He thought that the process was reversible. I am not sure he would have been so confident about reversing the rot if he could somehow see into the future of digital communication which, it appears to me, is purposely designed to not only exploit the huge market that comprises the moronic football crowd with its fleeting attention span, but actually empowers it by handing it a digital gun, a smartphone. Just the organic link between the ability to think and to express those thoughts in any meaningful way can become a major study in relation to the tool people have today and whose bad use we experience every day.
The vulgar now have the freedom to abuse the accomplished, the kind of democracy Socrates was so afraid of and which he determined would lead to the worst form of dictatorship.
Add to this the wickedly smart who are out there to exploit the mindless suckers like the man who traveled from North Carolina to the pizzeria in D.C. to investigate whether Clinton and Podesta were running a child sex ring in the basement of an eatery that doesn’t even have a basement. It’s the wicked who run the fake news sites and rely on the utterly stupid to lap up the hogwash.
Back in the slow days of newspapers, things worked differently. There was gestation time for news reports. That time afforded reporters and editors to vet, fact-check, and cross-reference news. Newspapers were accredited, as were journalists. Everything went through a process. Now, all you need do is to buy a smartphone and become a “journalist”. What is disseminated now, or can be, in theory, has no checks. There’s no accreditation, no process of checking, no vetting. It’s a free for all.
Even so, back in those days, H. L. Mencken could write an essay on the History of the Bathtub in 1917, a jocular hoax, which was picked up by everyone. Mencken had to write to dispel the impression that what he had written should be taken seriously. Yet, today, we know and possibly have read the original hoax article but not the one that sought to dispel the original.
Such, then, is the problem of presenting a hoax confidently. Mencken could swing it because he had the dictatorial intellect of Dr. Johnson. Today’s hoaxes thrive on the viral nature of the Internet and general stupidity wedded to biases.
But there’s a difference between the idiot from North Carolina and a sitting defense minister. Are we now going to see states coming to blows on the basis of fake news? Some weeks ago, U.S. media were debating the question of how to deal with president-elect Donald Trump’s tweets: should his tweets be ignored or reported because those 140 characters come from a man who is about to enter the White House? The answer came the day Trump first tweeted about F-35s and tanked Lockheed Martin’s stock price.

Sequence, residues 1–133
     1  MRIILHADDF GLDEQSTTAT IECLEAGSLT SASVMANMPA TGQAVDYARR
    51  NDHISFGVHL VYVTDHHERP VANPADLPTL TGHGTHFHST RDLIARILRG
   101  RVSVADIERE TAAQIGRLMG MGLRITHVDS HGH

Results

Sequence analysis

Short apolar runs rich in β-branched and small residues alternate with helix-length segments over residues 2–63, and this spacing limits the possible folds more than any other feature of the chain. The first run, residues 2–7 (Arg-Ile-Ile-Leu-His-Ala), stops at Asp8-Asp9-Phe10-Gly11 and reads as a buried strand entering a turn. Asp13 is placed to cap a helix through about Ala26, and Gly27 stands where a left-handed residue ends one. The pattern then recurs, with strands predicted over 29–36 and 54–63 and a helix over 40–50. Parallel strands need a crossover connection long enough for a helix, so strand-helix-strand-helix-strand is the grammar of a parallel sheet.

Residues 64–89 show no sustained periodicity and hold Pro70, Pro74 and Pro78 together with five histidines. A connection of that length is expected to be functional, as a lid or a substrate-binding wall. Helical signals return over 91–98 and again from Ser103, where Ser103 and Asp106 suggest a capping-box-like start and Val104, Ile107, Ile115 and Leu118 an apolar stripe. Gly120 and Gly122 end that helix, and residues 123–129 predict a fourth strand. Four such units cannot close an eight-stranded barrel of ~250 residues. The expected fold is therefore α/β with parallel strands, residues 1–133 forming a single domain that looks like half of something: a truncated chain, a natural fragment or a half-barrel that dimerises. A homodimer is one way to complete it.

In our own case, some systems need to be put in place. Earlier this year, when Iran’s president was in Islamabad, then DG-ISPR, Lt.-Gen. Asim Bajwa tweeted that the issue of an Indian spy was discussed with the Iranian president. It was a hasty, undiplomatic tweet by an official who had no business tweeting the contents of any discussion between the principals. The adviser to the prime minister, Sartaj Aziz, had to personally clear the air with the Iranian foreign minister.
Now, we have Asif responding with the haste that comes with using social media, especially Twitter. There’s a simple expedient that can be used: no minister should use Twitter to make any policy statement. The Government of Pakistan (read: the ministry of foreign affairs) must be the only platform to respond through proper channels before that vetted, fact-checked, cross-referenced policy response is allowed to make it to the digital platforms, quoting from the official statement.
The web is a dangerous place and it will become more dangerous in the future. We need to study it carefully and use it even more carefully.
Haider is editor of national-security affairs at Capital TV. He was a Ford Scholar at the Program in Arms Control, Disarmament and International Security at the University of Illinois at Urbana-Champaign, and a visiting fellow at the Brookings Institution, Washington, D.C. He tweets @ejazhaider